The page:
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Addiction is a community issue

By Staff | Jan 27, 2022





Say “addict” and the labels often follow.

Let us add a few more.





Someone you love.

If you don’t know that, God bless, you’re one of the lucky ones.

Call it a choice, call it an illness, debate all the nuances in between but recognize the reality: Despite the billions spent on the old War on Drugs, despite mandatory sentencing and more, the reality is that addiction to drugs, to alcohol, remains part of the frayed fabric of life for far too many Americans — even those who have never touched an illegal substance or raised more than a wish of congratulations to the birth of that baby whose addiction has now broken the hearts of those who love him — love him! — so many times.


* According to National Center for Drug Abuse Statistics, 31.9 million Americans, age 12 and older, are current illegal drug users, defined as having used within the last 30 days. 11.7% of Americans 12 and over use illegal drugs.

* 53 million, or 19.4%, of people 12 and over have used illegal drugs or misused prescription drugs within the last year. 8.1 million, or 25.4% of illegal drug users, have a drug disorder.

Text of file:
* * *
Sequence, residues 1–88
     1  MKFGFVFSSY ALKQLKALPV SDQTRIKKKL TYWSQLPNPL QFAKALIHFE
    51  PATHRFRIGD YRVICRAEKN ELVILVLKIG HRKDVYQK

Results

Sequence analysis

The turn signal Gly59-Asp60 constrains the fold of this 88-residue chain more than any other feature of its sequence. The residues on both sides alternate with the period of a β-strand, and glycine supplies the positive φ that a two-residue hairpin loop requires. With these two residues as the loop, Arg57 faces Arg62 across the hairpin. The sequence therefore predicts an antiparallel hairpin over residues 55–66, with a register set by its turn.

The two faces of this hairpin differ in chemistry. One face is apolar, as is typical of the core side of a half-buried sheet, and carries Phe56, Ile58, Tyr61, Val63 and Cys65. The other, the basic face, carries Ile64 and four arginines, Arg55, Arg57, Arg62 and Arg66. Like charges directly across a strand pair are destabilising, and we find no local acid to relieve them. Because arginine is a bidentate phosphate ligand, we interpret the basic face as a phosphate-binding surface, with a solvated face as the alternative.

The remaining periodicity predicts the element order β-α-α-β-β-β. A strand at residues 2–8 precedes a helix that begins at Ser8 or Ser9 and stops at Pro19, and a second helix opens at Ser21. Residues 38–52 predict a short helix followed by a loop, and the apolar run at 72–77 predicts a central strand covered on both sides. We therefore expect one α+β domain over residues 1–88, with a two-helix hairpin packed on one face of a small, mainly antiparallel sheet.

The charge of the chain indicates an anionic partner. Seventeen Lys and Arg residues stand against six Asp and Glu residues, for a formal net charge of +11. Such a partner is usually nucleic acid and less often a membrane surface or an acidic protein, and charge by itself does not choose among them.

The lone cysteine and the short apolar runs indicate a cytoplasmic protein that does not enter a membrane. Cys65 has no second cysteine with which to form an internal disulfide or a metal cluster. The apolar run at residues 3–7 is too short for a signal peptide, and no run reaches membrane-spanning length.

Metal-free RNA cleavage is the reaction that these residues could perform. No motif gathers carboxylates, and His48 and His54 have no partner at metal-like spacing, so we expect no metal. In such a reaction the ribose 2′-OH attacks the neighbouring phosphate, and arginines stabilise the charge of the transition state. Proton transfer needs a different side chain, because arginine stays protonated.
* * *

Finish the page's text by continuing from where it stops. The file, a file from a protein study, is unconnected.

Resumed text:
* 139.8 million Americans 12 and older drink alcohol and 14.8 million, or 10.6%, of them have an alcohol use disorder.

How serious is the issue?

In terms of human suffering, it is immeasurable.

In terms of loss of life, well, there are numbers for that: 70,000 Americans die each year as a result of an overdose.

And the monetary?

Americans spent more than $35 billion for drug control in 2020 alone — and that’s only at the federal level.

The National Institute on Drug Abuse puts the fiscal impact of addiction at $600 billion annually.

But here we are. Here we are.


There are no easy solutions.

But we can foster solutions.

And we can foster hope.

Right here on the homefront.

In this case and this weekend, one small step at a time.

The Lee County Coalition for a Drug-Free SWFL will hold its annual Family Run Saturday, Jan. 29, at Jaycee Park in Cape Coral.

The fundraiser, title sponsored by Busey Bank, will step off at 8 a.m.

All proceeds will benefit the coalition and its programs and initiatives, including the Drug House Odyssey, Students Against Destructive Decisions, Red Ribbon Awards, Operation Medicine Cabinet and more.

The 5K is a chipped and timed event suitable for all ages and abilities, according to organizers, who add that the first 300 to register will receive a T-shirt.

The registration donation is $25. To take part, visit www.drugfreeswfl.org where additional information on the coalition, its programs and available resources also may be found.

To paraphrase Pogo, we have met the addict and he is us.

Our brother.

Our sister.

Our son.

Our daughter.

The reality is, addiction has come home to roost.

The coalition also welcomes donations.

They may be made at www.drugfreeswfl.org .

— Breeze editorial